This story was originally published by The Big Bend Sentinel.
When Alejandro left Honduras on April 15, it was out of desperation. Dire economic conditions in his country had left the 25-year-old migrant unable to afford medical treatment for his 18-month-old daughter who was born with a clubfoot.
“In Honduras there’s no work, and when you do find work, you can only earn up to $500 a month,” he told The Big Bend Sentinel. “It’s a really difficult journey, but you make the effort.”
Hoping to make a better living, Alejandro made the risky and difficult decision to travel to Mexico with his nephew and sister-in-law back in April, crossing the border around Ojinaga to enter Texas. The arduous journey took over two months from the time they left Honduras. This involved paying someone to provide them instructions on how to cross the river and provide them with directions to the city.
Alejandro — whose last name The Big Bend Sentinel is withholding— is one of tens of thousands of undocumented immigrants who has been expelled from the United States under Title 42 of the Public Health Safety Act since March of last year. The Trump-era public health order was issued by the Center for Disease Control and Prevention in 2020 and calls for rapid expulsion of migrants and asylum seekers without the right to trial, citing COVID-19.
It has continued under President Biden’s administration, which now accounts for 463,182 expulsions this year. For migrants like Alejandro, this represents yet another hurdle in the search for personal and financial security.
“Visas for Honduran immigrants like myself are not approved,” he said. “I imagined being able to cross successfully and find work.”
According to an annual government report, only 22 Honduran immigrants received work visas of any kind in 2020. That number was only 28 in 2019, before COVID made travel more difficult. However, the U.S. Customs and Border Patrol apprehended and expelled more than 40,000 Hondurans last year. Rampant gang violence, as well as widespread poverty caused by climate change and shifting economic tides, are often catalysts for the immigration of Hondurans into the United States.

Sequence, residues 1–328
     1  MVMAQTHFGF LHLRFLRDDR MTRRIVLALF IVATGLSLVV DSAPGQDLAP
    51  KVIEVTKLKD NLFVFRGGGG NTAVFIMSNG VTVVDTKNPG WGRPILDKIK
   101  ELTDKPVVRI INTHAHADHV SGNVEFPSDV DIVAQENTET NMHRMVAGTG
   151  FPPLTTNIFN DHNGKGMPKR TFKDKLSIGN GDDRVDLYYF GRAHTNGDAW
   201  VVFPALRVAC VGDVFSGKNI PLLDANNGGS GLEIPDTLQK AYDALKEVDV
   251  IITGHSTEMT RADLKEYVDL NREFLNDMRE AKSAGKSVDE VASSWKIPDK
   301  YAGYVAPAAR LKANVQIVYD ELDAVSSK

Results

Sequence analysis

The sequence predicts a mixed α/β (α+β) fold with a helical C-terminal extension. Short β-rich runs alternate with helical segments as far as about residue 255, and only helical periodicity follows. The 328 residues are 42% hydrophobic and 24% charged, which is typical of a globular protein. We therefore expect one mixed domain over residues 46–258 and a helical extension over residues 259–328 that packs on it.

In the past two months, Alejandro twice attempted to cross into the U.S. and both times was apprehended by Border Patrol. The first time was in late May, when the group had spent four days and nights travelling the Chihuahuan Desert before getting intercepted on Pinto Canyon Road. According to Alejandro, they didn’t resist, and were taken to a “freezing” cell for around three hours before being returned to Mexico. While he doesn’t remember the exact date, he says this incident took place in late May.
“The first time is ugly. You feel disillusioned,” he said, before clarifying, “They were very respectful and professional throughout the entire ordeal … We know it’s their job.”
The second expulsion occurred on Thursday, June 17, approximately 20 days after the first. This time, the group got lost travelling across the desert for two days and nights with no water to hydrate. After nearly going unconscious, Alejandro thought he was going to die, until a fellow migrant gave him some of his own supply. Eventually, the group was apprehended on the road to Marfa. Border Patrol gave the starving group food and water, and had them repeat the detainment process again.